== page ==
However, after May, Aquino will leave, Rosario has resigned for health reasons and the next president will seek to recalibrate the policy toward China.

Rise of new leaders               

Last year President Aquino designated former interior minister Manuel “Mar” Roxas, an ex-investment banker and another political princeling, as his successor to sustain his reforms. As the leader of the ruling Liberal Party, Roxas, 59, “Mr. Palengke” (Mr. Market) appeals to moderate elites and wants to push forward with the China arbitration case but remains fourth with 19% in polls.

Vice President Jejomar “Jojo” Binay, 73, portrays himself as a popular representative of the poor who has a long record of social services. Despite initial lead, he is now third with 20%, due to corruption allegations during his terms as Mayor of Makati City. Founded by Binay, the United Nationalist Alliance supports his candidacy. He would be willing to have bilateral talks with China over the South China Sea and is open to joint exploration of resources: “China has money, we need capital,” he says.

Running as an independent, Senator Grace Poe, 47, has slid down to second place with 25% but remains a formidable contender. As a foundling (and Marcos’s rumored illegitimate child), Poe was adopted by the famed late actor and politician Fernando Poe Jr and his wife Susan Roces. Like Roxas, she supports the arbitration case in The Hague, though she would favor further engagement with China. To the elites, she is a compromise.

The colorful Rodrigo Duterte, 71, is currently leading with almost 30% in polls. The long-serving Davao City Mayor has a tough stand on crime, which is resonating with most Filipinos. He leans on the nationalistic, social-democratic PDP-Laban. When Duterte took over in Davao in the 80s, it was a dangerous economic backwater. Today, the city is booming and crime is down.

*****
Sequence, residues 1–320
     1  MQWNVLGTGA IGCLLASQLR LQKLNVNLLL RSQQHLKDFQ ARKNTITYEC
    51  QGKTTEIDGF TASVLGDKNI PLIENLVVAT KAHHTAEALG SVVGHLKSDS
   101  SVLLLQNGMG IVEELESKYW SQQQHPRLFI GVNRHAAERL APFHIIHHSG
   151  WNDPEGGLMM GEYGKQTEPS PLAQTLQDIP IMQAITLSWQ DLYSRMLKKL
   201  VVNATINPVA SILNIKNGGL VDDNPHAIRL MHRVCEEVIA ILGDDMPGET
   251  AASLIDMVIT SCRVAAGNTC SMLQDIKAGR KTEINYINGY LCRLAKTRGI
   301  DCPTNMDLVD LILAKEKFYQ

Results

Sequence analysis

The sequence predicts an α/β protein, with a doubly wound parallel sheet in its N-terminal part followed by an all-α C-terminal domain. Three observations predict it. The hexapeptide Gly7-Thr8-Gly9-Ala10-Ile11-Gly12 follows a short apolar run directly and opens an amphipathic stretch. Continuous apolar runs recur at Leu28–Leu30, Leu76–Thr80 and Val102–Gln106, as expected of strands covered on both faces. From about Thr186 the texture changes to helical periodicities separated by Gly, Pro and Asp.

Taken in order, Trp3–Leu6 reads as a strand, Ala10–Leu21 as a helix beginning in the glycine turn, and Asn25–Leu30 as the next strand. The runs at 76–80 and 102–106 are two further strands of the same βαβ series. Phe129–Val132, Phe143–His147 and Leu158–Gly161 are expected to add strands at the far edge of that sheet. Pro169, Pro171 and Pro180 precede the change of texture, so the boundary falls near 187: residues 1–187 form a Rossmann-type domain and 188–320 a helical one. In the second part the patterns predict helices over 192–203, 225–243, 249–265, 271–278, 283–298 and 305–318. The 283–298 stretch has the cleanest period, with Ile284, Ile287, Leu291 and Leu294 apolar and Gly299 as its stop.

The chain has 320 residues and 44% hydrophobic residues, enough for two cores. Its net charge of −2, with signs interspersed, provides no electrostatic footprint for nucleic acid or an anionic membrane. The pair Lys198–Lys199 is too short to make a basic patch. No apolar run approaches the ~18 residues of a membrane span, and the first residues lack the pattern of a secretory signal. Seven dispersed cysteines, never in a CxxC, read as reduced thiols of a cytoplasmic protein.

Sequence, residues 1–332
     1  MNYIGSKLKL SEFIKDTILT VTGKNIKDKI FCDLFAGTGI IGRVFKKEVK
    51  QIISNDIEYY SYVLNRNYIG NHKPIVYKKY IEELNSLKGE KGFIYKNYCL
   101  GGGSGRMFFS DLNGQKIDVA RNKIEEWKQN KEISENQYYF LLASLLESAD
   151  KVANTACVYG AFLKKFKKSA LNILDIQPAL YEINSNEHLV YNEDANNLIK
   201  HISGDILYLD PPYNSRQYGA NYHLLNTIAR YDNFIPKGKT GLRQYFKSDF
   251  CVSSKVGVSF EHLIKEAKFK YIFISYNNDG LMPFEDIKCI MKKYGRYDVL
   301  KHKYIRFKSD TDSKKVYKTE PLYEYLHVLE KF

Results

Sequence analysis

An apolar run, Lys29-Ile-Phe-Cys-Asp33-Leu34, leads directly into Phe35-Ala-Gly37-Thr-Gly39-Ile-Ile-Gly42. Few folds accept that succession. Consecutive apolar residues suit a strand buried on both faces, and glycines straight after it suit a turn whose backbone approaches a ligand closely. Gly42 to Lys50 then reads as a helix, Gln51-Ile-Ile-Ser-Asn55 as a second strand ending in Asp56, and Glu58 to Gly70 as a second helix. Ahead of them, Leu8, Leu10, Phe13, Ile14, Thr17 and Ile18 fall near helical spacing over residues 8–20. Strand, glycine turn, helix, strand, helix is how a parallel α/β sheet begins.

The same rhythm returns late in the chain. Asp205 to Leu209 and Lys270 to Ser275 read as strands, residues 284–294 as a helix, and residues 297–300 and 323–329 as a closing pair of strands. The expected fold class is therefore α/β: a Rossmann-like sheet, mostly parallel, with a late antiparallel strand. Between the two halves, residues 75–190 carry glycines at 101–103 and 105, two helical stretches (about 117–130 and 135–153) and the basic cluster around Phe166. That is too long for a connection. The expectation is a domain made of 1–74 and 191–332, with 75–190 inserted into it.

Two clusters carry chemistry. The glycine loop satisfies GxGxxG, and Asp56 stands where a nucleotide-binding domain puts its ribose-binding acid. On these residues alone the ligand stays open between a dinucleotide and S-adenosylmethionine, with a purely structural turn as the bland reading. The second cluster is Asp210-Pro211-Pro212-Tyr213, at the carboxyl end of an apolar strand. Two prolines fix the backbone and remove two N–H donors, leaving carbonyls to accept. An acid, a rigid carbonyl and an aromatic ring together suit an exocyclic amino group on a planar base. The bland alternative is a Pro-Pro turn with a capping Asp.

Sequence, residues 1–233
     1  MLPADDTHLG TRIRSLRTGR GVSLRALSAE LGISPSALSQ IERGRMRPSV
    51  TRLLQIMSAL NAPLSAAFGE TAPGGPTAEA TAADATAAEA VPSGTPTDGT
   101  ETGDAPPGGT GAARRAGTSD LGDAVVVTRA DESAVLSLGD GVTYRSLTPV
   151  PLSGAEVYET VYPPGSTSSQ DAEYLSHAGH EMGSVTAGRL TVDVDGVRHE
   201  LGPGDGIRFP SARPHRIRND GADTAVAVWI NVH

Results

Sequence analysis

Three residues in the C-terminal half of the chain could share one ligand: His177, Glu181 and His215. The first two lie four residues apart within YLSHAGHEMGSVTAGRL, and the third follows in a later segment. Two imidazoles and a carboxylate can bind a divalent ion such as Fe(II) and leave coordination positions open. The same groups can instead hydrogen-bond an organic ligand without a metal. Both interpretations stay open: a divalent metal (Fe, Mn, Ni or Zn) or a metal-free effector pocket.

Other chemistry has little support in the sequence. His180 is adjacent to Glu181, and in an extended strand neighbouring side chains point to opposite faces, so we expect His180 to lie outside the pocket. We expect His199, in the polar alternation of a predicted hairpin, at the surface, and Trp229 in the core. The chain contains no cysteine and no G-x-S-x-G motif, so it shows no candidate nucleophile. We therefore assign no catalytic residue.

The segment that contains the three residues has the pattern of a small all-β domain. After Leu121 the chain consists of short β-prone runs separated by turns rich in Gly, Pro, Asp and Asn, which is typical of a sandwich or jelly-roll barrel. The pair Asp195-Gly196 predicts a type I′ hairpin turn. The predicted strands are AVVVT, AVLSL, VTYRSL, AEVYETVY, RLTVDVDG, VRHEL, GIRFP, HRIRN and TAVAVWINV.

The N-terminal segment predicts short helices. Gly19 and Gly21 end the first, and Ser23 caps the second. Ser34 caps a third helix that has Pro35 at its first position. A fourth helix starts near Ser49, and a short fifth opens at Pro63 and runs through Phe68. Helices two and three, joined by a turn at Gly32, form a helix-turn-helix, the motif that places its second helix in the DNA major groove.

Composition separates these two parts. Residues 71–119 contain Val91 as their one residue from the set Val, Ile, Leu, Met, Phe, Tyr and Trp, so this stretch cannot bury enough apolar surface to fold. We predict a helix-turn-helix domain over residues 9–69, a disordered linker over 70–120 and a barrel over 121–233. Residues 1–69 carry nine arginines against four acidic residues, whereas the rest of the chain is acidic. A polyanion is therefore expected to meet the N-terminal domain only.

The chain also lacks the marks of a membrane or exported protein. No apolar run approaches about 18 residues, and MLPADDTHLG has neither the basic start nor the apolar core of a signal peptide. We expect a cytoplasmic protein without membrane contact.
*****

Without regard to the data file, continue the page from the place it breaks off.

At this point, Duterte’s greatest threat is his own macho rhetoric, which could undermine his poll position. Allegedly molested by a priest as a boy, he has also been vocal for the rights of women, and ethnic minorities, however. He would like to reinforce federalism in the Philippines to defuse centralism in Manila and Islamic terror in the south. While he shares Binoy’s policy to China, he has also been critical of the US-Philippine alliance, would lean more toward China and does not believe Washington would honor its defense obligations.

During the campaigns, much public apprehension has also been focused on the vice presidential candidate, Senator Ferdinand “Bongbong” Marcos, 59, the son of Ferdinand and Imelda Marcos who hopes to pave way for next election.

Time for a new era                

Until recently, the Philippines has been an idyllic growth pocket amidst the chilly international environment, as reflected by the fairly strong peso. However, as stagnation is spreading in the West and growth decelerating in the East, pressures are expected to climb in Manila as well.

On May 9, the Philippines will vote for a new president. “More of the same” policies will no longer be enough for 100 million Filipinos at home and 10 million Filipinos working abroad.  They want their rightful share of economic growth – which requires more economic development, political unity and peace in the region.

Can the Next Philippine President Keep the Economy Growing? is republished with permission from The Difference Group

See also: Can the Next Philippine President Bridge the U.S.-China Gap?